GLOBAL EXTINCTIONS, RANKEDđź“‚

Merry #draftmas. Not sure why I never published this one. I think I was trying to give it a theme or something and abandoned it.
  1. 1.
    Permian-Triassic Extinction Event ~ 252 million years ago
    Otherwise known as the "Great Dying" this is the big one. Over some thousands of years, 96% of marine species and 75% of the terrestrial species went extinct. Evolution would require up to ten million years to re-establish previous levels of biodiversity. This event is complicated and only partially understood, but can probably be attributed to run of bad luck including a major meteor impact, climate changes cause by volcanic activity, and changes in terrain due to continental drift.
  2. 2.
    The Great Oxygenation Event ~ 2.3 billion years ago
    Contrary to popular belief, life doesn't need oxygen. Early earth's atmosphere had none at all. Cyanobacteria, the earliest life, created oxygen as a byproduct of metabolism. Eventually this oxygen built up in the atmosphere with two major consequences: First, it was toxic to the anaerobic bacteria. Second, the conversion of atmospheric methane to carbon dioxide lead to a massive ice age. Combined, these almost killed off the Cyanobacteria entirely. They still exist today in very tiny numbers.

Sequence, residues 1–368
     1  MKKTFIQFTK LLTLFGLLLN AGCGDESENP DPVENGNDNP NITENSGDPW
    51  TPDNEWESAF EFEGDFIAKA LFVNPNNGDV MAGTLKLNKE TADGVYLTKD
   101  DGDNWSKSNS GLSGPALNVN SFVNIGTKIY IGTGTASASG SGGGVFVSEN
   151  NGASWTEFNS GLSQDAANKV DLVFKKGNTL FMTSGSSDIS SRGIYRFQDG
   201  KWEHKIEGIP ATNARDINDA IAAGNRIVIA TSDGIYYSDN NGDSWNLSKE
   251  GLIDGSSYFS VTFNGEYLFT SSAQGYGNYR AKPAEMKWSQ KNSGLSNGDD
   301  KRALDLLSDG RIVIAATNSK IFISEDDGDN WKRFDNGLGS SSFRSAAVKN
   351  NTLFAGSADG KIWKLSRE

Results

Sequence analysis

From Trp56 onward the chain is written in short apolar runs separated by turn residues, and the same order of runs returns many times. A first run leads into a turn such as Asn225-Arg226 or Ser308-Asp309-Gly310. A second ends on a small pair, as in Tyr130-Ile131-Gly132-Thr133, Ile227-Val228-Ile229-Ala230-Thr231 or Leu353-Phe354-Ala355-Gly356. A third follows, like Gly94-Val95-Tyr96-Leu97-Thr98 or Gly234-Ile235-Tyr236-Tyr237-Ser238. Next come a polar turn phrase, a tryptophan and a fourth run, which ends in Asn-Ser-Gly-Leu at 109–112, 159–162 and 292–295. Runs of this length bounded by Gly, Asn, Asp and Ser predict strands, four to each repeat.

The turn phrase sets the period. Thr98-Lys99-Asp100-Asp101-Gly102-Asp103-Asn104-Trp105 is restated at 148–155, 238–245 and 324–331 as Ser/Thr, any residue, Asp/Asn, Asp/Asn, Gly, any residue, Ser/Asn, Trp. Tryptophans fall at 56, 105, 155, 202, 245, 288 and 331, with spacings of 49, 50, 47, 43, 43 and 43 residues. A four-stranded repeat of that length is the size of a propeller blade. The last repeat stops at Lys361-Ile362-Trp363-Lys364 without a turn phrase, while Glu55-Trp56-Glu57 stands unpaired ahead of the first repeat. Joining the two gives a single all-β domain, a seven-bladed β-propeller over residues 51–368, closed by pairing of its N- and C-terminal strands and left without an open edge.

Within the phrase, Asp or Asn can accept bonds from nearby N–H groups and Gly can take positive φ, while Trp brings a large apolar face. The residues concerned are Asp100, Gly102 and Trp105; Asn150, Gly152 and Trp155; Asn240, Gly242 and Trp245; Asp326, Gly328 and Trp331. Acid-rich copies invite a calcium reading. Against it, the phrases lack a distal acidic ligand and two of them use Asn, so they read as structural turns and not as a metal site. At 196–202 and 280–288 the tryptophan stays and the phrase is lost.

3. 3.
    The Holocene Extinction Event ~ Ongoing
    Started around 15,000 years ago at the end of the last ice age. Humans are a major contributor to this extinction. Examples of extinctions include mammoths, the famous dodo, the passenger pigeon, and many plants.
  4. 4.
    [?] Pliocene Supernova ~ 2 millions years ago
    There is some evidence that a supernova of a nearby star may have stripped the earth of its ozone layer two million years ago resulting in widespread extinction of some marine life.
  5. 5.
    The Late Devonian Extinction ~ 360 million years ago
    We don't know much about this one, but it happened slowly and killed about half of all species on earth.
  6. 6.
    Cretaceous–Paleogene Extinction ~ 66 million years ago
    Bye bye dinosaurs.